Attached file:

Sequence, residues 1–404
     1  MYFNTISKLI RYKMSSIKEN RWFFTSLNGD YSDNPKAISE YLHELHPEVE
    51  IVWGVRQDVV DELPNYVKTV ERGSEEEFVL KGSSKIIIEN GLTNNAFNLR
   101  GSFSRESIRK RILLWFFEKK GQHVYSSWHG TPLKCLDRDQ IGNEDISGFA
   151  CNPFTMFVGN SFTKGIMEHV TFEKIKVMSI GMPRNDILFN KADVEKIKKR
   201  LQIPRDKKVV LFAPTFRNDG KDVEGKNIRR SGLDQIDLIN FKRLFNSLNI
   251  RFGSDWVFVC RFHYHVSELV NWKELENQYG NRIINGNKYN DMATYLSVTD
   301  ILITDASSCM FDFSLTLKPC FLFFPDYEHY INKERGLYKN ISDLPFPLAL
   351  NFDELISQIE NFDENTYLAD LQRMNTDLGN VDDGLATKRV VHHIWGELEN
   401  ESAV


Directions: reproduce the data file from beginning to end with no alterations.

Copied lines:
Sequence, residues 1–404
     1  MYFNTISKLI RYKMSSIKEN RWFFTSLNGD YSDNPKAISE YLHELHPEVE
    51  IVWGVRQDVV DELPNYVKTV ERGSEEEFVL KGSSKIIIEN GLTNNAFNLR
   101  GSFSRESIRK RILLWFFEKK GQHVYSSWHG TPLKCLDRDQ IGNEDISGFA
   151  CNPFTMFVGN SFTKGIMEHV TFEKIKVMSI GMPRNDILFN KADVEKIKKR
   201  LQIPRDKKVV LFAPTFRNDG KDVEGKNIRR SGLDQIDLIN FKRLFNSLNI
   251  RFGSDWVFVC RFHYHVSELV NWKELENQYG NRIINGNKYN DMATYLSVTD
   301  ILITDASSCM FDFSLTLKPC FLFFPDYEHY INKERGLYKN ISDLPFPLAL
   351  NFDELISQIE NFDENTYLAD LQRMNTDLGN VDDGLATKRV VHHIWGELEN
   401  ESAV